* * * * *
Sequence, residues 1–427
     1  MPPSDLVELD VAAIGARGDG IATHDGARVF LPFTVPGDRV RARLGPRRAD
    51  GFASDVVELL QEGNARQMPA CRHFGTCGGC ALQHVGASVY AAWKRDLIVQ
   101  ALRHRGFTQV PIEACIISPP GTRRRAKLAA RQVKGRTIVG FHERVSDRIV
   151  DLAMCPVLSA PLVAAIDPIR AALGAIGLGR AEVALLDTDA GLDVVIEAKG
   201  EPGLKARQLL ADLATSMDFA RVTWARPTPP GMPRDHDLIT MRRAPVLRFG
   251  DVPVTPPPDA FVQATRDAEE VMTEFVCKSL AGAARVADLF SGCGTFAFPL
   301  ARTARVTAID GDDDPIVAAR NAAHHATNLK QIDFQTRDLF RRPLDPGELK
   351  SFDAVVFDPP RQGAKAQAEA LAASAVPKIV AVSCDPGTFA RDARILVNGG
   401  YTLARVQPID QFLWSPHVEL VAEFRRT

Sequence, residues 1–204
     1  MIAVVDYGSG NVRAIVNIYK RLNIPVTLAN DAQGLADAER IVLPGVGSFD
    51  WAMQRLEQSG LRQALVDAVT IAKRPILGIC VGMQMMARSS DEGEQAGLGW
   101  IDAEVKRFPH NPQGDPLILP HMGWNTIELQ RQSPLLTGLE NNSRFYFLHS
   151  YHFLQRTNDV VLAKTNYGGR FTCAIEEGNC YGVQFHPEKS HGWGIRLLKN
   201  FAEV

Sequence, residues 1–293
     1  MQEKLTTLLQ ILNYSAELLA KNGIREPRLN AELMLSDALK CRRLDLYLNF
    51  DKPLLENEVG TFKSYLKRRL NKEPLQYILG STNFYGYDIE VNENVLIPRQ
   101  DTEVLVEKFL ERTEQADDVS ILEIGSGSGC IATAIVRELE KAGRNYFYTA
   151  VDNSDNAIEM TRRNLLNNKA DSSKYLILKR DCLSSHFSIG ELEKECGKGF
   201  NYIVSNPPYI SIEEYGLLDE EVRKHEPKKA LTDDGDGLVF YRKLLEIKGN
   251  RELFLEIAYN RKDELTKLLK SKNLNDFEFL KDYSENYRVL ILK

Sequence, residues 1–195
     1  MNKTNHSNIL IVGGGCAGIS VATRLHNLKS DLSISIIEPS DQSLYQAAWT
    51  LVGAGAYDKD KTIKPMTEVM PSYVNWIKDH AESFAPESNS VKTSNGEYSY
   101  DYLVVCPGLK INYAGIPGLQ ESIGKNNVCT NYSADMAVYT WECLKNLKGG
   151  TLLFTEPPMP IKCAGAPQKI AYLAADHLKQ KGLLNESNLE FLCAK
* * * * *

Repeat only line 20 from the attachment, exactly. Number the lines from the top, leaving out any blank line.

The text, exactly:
   101  DTEVLVEKFL ERTEQADDVS ILEIGSGSGC IATAIVRELE KAGRNYFYTA